I am still hungry for the romance that I assume will only arrive after running away from home. The romance of living alone with a cat which will come and go like in Eunice D Souza‘s poems. Of dealing with plumbing issues on my own. Of having the occasional dinner party where friends bring expensive wine, and after they have gone, of staying up late to wash vessels and finally, of gazing out into the window like Julia Roberts in Sleeping with the enemy.

I have friends who live on their own and as I write this, I can hear their bouncing laughs. It is nothing like this. And I believe them when they say it. Even so, this has been my ultimate love story – to live alone except for those long weekends where lovers drop in and go, but cats always come back.

I digress.

The second thing I am beginning to understand about adulthood is that it’s mostly about being blind to it. A lot of growing up has happened over this year and I haven’t had the time to slow down, to see it, to either congratulate myself or curse it. Early last week, on Ambedkar Jayanthi, I wrote something that I had been trying to write for 2 years now. That post had been sitting in various angry drafts in various folders. It is a story I may have told very often, but for the first time, it didn’t feel like it was pointless. This time I had something to say.

***
Until a certain point, my life was overcrowded with people whose victories were quite strangely and rather strongly determined by how pointless they could make me feel about my writing. I have kicked them all out of my life and that is the third thing about adulthood – the gift of being able to say fuck off.

First Post carried my piece. They have some really cool design so it reads differently and better than it does on my blog. You can read it here.

I am grateful to Snegaa, who is famous for making Brahmin bedbugs weep. Snegaa who has always been there – ever since I started this blog. Over the years I have sent her pieces that I’ve enjoyed writing as also those I’ve struggled with. She has always taken time to read them carefully and offer solid advice. As of today, she is my dominatrix agent who sends me one- line reminders about sending writing pitches to publishers.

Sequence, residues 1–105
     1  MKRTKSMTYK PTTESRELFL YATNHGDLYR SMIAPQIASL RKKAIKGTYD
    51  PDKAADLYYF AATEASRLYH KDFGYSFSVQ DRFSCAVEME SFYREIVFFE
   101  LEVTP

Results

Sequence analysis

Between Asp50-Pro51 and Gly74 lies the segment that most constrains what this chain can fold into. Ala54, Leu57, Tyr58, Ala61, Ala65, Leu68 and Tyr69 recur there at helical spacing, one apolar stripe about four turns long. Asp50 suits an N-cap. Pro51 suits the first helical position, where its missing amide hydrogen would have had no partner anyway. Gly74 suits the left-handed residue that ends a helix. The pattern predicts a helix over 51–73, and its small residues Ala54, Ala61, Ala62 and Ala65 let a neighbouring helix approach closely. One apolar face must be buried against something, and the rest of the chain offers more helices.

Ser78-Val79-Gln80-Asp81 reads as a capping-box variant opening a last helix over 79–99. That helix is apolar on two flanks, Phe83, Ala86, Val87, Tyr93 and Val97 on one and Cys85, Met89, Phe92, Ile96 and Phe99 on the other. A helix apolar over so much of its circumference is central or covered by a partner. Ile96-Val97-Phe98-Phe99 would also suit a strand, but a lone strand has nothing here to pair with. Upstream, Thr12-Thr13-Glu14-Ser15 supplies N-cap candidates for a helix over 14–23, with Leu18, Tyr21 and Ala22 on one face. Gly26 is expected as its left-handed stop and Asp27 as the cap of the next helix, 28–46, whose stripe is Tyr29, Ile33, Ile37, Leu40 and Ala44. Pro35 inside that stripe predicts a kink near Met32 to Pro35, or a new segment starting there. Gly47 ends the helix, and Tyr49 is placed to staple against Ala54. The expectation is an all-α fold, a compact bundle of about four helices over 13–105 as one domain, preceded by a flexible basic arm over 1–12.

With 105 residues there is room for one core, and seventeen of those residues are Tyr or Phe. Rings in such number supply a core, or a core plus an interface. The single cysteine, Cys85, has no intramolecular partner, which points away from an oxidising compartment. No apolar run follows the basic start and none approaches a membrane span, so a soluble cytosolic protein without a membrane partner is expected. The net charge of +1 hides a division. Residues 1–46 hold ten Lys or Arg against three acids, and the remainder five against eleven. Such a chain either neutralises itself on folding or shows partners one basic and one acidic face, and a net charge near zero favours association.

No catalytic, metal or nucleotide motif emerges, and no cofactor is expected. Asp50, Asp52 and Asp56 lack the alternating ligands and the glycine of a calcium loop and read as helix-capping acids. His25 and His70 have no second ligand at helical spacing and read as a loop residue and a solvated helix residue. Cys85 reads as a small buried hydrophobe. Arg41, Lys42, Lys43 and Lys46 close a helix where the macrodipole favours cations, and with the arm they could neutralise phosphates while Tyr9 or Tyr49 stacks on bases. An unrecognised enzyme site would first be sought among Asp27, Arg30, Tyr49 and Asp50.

Namsiess, the love of my life is actually My Brilliant Friend. She is my Elena Ferrante, and my Lila-Lenu.

Very quickly, before this begins to sound like some lame I’d like to thank speech, I want to return to that Saturday evening of December 2012 when I was a newbie in the department. How I shyly took a piece I’d written to show it to AM and how I’d turned around with great speed and ran for my life immediately after.

Over the years, I learnt not to run, I learnt to be less afraid of my writing and what he was going to say about it. Right from calmly telling me for the 100th time, why something wasn’t working in my writing  – to his comments in those balloon like things on Microsoft word that went – ‘Were you fucking sleeping when you wrote this sentence? WAKE UP’  – to ‘Vj, just keep writing like you don’t care’ — It won’t be an exaggeration to say that over six years, he’s the teacher I am still learning from. Not just how to read and write, but also to work, to be a friend, to ignore, and most importantly — to be kind.

***

It’s my first time getting paid for something I’ve written. I have been waiting to let that sink in. It still hasn’t. And I hope it never does. Letting that sink in would be to forget the various small pleasures that I can otherwise mindlessly engage in. Like thinking about how all my school and college friends are married, about how I am every day grateful for not having done science/MBA/IIT/marriage/babies, about how I used to fail science and math but still managed to adult well, about how small I’d feel on days they’d return test papers with 9/60 and 3/50 — underlining boldly – the big failure I was to become in life.

I wish someone else was writing this but because nobody is going to narrate my life in third-person Anu Agarwal style, I must do it myself. That is the fourth thing about adulting. That sometimes you have to be the narrator, the writer, the heroine, and the villainess of your own fucking life.

P.S – Today rumlolarum is four-years-old. This baby has helped me grow more than I could have managed on my own. I’m all smiles and love. See? Proof: I don’t have to be married to be a mother.

Today I celebrate rumlolarum and my PCOD- prone uterus. Cheers!

 

rumlolarum
Thank you, WordPress!

 

 

*** Featured Image credits: TeePublic